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General Fiction - Argosy, Adventure, Short Stories, Blue Book & more

107 posts in this topic

On 8/2/2020 at 1:50 AM, OtherEric said:

Is your copy that bright in person?  Wow.

My copy is perhaps slightly brighter than the scan I showed back there, but not by much.  Nothing like yours.

Yes it is, with the red background behind the title probably even deeper in

 color than on the picture.

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Here's a later Argosy - December 31st, 1938

Cover is for a story of Old California by McCulley illustrated by George Rozen who also drew the illo for the Black Grandee story. Also appearing inside are Captain Hornblower and Young Doctor Kildare -



Edited by Scrooge
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Argosy - December 27th. 1930 - Argosy providing what I am looking for: stories in the Amazon (MacIsaac's Balata), India (Mundy's Elephant Sahib), South Seas Chinese pirate (Wirt's He's my Meat!) and a story in the stars (Cummings' Tama of the Light) sandwiched with short Christmas stories -


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Argosy - August 5th 1933 -

This period's format is better for collecting: fewer serials and more novelettes / short stories.


I gravitated to this issue because of the cover and the topic: Monte Carlo.

Madame Storey is Rosika Storey, penned by Hulbert Footner in a series of novelettes in Argosy in the '20's and '30's.

Rosika Storey and her secretary Bella (the story's narrator) head down to Monte Carlo for a vacation and get begrudgingly involved in an affair threatening the reputation of the Principality of Monte Carlo. Women from high society are black-mailed after their involvement with a ring of gigolos. Once Raoul d'Aymara, a gigolo, is thrown off La Turbie from trying to escape the syndicate, Rosika springs into action. The cover scene shows the syndicate abducting Rosika to send her a strong message. She then leaves town only to come back in disguise. She enlists a young American's help to become a gigolo and infiltrate the ring (it also conveniently avoids the writer having Rosika cavort with an actual gigolo through the story). Through a couple of twists and turns, she unmasks the mastermind and disbands the ring.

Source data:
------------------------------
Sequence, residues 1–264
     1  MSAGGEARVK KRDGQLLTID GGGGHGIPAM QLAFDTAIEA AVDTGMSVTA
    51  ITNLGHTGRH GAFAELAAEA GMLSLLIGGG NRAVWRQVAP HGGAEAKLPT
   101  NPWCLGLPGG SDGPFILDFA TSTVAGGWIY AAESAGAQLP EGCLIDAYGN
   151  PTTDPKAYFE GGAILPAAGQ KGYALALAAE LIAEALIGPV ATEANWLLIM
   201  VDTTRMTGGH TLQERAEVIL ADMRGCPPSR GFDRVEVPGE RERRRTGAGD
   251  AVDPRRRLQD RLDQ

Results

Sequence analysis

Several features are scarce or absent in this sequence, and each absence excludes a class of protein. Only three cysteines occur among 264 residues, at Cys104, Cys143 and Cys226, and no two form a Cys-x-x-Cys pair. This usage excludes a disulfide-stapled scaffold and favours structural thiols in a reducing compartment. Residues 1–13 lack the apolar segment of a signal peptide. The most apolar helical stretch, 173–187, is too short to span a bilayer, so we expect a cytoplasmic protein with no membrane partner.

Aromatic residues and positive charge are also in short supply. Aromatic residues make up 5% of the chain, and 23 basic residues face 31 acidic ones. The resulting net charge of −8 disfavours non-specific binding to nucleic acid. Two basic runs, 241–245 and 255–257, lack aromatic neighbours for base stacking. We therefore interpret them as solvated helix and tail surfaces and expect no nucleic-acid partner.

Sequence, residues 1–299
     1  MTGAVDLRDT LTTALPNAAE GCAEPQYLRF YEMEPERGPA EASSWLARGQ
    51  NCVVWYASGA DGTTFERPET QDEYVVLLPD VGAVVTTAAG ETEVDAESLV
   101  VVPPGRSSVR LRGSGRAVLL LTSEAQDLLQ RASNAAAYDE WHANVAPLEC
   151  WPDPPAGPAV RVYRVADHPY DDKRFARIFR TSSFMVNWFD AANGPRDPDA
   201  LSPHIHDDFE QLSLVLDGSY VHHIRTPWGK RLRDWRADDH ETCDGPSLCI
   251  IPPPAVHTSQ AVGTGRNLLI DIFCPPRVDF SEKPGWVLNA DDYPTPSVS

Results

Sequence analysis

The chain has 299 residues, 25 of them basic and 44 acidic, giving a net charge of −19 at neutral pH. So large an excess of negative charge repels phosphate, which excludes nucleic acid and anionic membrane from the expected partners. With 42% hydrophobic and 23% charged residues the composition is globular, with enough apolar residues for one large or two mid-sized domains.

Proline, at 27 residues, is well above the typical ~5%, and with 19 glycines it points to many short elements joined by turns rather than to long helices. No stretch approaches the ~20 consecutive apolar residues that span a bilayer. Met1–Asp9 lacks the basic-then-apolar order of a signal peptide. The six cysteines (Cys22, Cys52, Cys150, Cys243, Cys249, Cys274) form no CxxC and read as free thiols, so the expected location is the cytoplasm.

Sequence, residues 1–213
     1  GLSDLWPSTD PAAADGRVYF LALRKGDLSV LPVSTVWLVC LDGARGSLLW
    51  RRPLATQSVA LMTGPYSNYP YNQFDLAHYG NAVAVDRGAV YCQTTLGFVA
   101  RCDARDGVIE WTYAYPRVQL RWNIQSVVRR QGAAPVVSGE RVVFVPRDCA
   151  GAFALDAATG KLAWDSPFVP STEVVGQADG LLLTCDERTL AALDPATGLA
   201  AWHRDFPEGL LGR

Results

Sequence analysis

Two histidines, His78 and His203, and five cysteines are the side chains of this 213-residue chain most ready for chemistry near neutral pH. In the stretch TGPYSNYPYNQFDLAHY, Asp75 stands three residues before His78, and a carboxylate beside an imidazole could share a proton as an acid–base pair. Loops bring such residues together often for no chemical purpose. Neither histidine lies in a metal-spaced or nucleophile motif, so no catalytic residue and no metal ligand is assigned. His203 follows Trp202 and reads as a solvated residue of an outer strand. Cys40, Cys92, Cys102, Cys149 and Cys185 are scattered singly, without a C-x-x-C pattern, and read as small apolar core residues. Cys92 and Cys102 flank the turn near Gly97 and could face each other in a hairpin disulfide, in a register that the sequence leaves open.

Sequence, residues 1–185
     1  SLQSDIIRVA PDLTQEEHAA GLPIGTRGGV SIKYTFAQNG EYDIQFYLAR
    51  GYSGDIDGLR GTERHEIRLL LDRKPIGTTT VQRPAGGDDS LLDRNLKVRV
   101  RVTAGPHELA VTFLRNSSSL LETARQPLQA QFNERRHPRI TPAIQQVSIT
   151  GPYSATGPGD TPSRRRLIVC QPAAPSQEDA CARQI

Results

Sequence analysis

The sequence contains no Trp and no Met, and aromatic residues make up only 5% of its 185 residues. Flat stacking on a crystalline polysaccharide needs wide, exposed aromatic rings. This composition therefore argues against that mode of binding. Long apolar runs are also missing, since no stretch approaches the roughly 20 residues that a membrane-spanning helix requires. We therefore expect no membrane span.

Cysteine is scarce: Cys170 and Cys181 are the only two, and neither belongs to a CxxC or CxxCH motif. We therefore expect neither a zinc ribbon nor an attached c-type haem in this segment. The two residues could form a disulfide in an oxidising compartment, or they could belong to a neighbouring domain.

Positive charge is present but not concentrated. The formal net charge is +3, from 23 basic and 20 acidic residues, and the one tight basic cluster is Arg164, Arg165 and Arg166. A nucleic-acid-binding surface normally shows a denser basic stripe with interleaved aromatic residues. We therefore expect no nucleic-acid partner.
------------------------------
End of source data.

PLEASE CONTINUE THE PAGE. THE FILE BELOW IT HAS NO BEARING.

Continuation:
The story moves along very well and the author either visited the Riviera or did good research before penning the story. It was enjoyable. There were "threats" to Rosika and Bella but none that would get you on the edge of your seat (this is Argosy, not Terror Tales after all) and the solution to the case followed a logical path.

In the story, Rosika stayed at the Hotel de Paris, which still exists, a cornerstone of Monte Carlo. Check out this current pic of a suite at the Hotel and compare it to the cover. Nice job by Stahr! -


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On 7/31/2020 at 6:46 PM, OtherEric said:

And end for now with this "Rapidly becoming a classic cover 85 years after the fact" gem:.  I'll go through my Argosies and try to find a few that I never wound up showing in the Pound you to a pulp thread later this weekend.



On 8/2/2020 at 2:36 AM, detective35 said:

The only Argosy I have.





Peer pressure got to me. In today's mail -


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